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Memory Protection in Operating Systems

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In this article, we will be discussing memory protection in operating systems. As we know that different operating systems use different forms of memory protection or separation which consists of Plan9 and Inferno, Microsoft Windows, etc. 

In Memory protection, we have to protect the operating system from user processes and which can be done by using a relocation register with a limit register. Here, the relocation register has the value of the smallest physical address whereas the limit register has the range of the logical addresses. These two registers have some conditions like each logical address must be less than the limit register. The memory management unit is used to translate the logical address with the value in the relocation register dynamically after which the translated (or mapped) address is then sent to memory.

Support for relocation and limit registers in process

Support for relocation and limit registers in process

In the above diagram, when the scheduler selects a process for the execution process, the dispatcher, on the other hand, is responsible for loading the relocation and limit registers with the correct values as part of the context switch as every address generated by the CPU is checked against these 2 registers, and we may protect the operating system, programs, and the data of the users from being altered by this running process.

Need of Memory protection:

Memory protection prevents a process from accessing unallocated memory in OS as it stops the software from seizing control of an excessive amount of memory and may cause damage that will impact other software which is currently being used or may create a loss of saved data. These resources of memory protection also help in detecting malicious or harmful applications, that may after damaged the processes of the operating system.

Methods of memory protection:

There are various methods for protecting a process from accessing memory that has not been allocated and some of the commonly used methods are given below:

Memory Protection using Keys: The concept of using memory protection with keys can be found in most modern computers with the purpose of paged memory organization and for the dynamic distribution between the parallel running programs. The keys are based on the use of special codes as we can verify the compliance between using arrays of memory cells and the number of running programs. This key method gives the users a process to impose page-based protections without any modification in the page tables.

Memory Protection using Rings: In CS, the domains related to ordered protection are called Protection Rings. This method helps in improving fault tolerance and provides security. These rings are arranged in a hierarchy from most privileged to least privileged. In the single-level sharing OS, each and every segment has a protection ring for the process of reading, writing, and executing operations of the process. If there is a use of a higher ring number by the process then the ring number for the segment creates a fault. But we do have some methods for calling the procedures safely that can run in a lower ring number and then return to the number of the higher ring.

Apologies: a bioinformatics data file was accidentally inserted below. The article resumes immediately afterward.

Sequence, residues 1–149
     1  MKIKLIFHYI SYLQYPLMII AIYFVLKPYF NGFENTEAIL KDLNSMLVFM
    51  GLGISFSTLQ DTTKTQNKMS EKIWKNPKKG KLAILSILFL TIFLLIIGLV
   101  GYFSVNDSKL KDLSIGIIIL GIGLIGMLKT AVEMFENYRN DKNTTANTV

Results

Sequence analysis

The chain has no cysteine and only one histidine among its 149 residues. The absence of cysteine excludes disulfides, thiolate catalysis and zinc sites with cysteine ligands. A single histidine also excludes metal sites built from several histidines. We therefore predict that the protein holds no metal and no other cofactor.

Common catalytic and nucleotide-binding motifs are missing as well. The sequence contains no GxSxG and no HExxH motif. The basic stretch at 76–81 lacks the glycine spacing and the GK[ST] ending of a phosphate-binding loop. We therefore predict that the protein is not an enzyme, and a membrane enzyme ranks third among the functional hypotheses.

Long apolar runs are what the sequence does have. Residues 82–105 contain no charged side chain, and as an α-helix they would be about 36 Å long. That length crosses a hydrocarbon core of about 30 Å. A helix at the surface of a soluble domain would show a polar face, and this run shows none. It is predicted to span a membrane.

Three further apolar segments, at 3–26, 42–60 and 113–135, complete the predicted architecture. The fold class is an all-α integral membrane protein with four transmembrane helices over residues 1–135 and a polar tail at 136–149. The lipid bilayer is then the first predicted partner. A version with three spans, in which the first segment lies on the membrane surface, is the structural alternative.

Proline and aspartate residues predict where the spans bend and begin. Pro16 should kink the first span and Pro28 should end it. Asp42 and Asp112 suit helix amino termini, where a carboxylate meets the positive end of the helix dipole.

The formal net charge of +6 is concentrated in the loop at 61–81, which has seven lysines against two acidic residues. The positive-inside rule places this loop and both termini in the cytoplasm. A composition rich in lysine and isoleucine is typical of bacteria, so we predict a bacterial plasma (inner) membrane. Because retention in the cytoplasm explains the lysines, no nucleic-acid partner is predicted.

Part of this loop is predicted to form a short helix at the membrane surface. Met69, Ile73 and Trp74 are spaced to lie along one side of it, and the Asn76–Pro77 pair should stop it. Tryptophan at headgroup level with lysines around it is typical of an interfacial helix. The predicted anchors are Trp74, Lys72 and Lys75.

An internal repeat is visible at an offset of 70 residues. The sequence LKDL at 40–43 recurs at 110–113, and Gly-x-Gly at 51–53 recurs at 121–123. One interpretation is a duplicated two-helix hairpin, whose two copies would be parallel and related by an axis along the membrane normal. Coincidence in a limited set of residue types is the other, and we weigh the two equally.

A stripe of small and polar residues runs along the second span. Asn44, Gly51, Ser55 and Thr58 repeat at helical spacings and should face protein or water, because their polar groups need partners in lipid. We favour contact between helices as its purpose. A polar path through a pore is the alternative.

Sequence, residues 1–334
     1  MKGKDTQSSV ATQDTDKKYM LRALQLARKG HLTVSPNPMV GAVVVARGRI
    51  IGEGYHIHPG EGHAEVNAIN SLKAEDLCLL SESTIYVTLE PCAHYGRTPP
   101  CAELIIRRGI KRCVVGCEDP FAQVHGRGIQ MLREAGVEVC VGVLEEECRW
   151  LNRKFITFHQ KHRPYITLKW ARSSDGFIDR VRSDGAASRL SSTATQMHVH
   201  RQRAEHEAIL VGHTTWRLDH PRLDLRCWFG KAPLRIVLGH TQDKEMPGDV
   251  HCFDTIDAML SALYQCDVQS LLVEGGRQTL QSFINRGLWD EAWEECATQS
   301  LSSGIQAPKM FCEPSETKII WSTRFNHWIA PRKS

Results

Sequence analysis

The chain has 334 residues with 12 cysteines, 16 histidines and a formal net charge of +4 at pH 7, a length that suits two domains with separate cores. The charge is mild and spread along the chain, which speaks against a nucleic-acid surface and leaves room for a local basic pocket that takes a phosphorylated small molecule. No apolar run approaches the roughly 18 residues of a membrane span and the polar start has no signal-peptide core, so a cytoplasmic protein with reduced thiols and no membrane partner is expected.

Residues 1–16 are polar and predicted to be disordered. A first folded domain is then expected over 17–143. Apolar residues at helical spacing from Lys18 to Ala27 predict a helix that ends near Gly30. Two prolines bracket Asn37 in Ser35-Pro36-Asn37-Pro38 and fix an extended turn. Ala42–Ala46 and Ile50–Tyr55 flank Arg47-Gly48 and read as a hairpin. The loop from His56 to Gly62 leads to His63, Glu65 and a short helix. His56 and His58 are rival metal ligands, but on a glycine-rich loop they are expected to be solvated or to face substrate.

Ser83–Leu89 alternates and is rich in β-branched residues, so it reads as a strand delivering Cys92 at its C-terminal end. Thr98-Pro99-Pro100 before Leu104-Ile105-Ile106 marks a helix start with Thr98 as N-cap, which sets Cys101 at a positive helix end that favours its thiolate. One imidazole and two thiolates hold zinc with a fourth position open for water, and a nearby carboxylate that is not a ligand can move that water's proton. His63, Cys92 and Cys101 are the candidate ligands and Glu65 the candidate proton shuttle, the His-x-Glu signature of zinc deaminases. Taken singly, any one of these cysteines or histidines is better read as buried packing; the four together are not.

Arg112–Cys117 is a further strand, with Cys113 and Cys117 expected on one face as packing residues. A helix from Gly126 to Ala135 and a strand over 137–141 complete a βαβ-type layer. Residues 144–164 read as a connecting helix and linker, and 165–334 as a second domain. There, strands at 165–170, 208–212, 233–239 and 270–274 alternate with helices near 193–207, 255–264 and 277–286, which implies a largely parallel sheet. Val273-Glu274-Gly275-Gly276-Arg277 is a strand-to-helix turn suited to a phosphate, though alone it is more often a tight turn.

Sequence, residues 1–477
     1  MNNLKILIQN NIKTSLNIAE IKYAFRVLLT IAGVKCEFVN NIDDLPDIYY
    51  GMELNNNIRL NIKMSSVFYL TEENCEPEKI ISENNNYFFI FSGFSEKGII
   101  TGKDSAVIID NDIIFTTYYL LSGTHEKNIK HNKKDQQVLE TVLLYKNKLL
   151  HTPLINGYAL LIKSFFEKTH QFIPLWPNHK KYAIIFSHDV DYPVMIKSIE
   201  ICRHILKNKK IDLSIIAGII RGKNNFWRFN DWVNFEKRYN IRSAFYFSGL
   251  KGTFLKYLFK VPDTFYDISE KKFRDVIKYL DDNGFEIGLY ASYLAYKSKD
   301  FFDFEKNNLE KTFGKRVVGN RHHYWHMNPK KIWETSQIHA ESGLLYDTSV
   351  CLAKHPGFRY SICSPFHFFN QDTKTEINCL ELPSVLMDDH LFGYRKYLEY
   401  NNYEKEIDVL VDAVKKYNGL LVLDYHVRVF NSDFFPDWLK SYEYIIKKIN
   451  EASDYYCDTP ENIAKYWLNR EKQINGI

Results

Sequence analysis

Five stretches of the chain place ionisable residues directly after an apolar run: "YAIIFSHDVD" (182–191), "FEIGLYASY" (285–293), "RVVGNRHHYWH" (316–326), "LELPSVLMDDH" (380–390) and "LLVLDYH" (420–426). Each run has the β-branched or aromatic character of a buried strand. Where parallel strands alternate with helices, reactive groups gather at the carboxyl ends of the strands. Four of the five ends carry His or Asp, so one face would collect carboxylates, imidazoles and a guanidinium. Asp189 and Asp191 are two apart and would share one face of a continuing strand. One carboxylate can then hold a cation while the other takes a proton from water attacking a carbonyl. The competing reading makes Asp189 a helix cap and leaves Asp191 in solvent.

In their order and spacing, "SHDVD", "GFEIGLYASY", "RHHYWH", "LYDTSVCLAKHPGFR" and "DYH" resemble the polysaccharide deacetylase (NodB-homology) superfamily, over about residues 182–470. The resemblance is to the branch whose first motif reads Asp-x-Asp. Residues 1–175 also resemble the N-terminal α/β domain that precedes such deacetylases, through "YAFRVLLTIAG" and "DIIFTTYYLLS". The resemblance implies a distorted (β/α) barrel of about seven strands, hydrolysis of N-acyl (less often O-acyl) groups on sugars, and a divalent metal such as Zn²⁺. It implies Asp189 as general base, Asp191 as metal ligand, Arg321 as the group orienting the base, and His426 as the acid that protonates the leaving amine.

Capability-based addressing: It is a method of protecting the memory that cannot be seen in modern commercial computers. Here, the pointers (objects consisting of a memory address) are restored by the capabilities objects that can only be created with the protected instructions and may only execute by a kernel, or by another process that is authorized to execute and therefore it gives an advantage of controlling the unauthorized processes in creating additional separate address spaces in memory.

Memory Protection using masks: The masks are used in the protection of memory during the organization of paging. In this method, before the implementation, the page numbers are indicated to each program and are reserved for the placement of its directives. Here the allocated pages for the program are now given the control of the operating system in the form of mask code (an n-bit binary code) which is formed for every working program that is determined by the bit number of OD pages.

Memory Protection using Segmentation: It is a method of dividing the system memory into different segments. The data structures of x86 architecture of OS like local descriptor table and global descriptor table are used in the protection of memory.

Memory Protection using Simulated segmentation: With this technique, we can monitor the program for interpreting the machine code instructions of system architectures. Through this, the simulator can help in protecting the memory by using a segmentation using the scheme and validating the target address of every instruction in real-time.

Memory Protection using Dynamic tainting: Dynamic tainting is a technique that consists of marking and tracking certain data in a program at runtime as it protects the process from illegal memory accesses. In tainting technique, we taint a program to mark two kinds of data i.e., memory in the data space and the pointers.

Last Updated : 18 Jan, 2022
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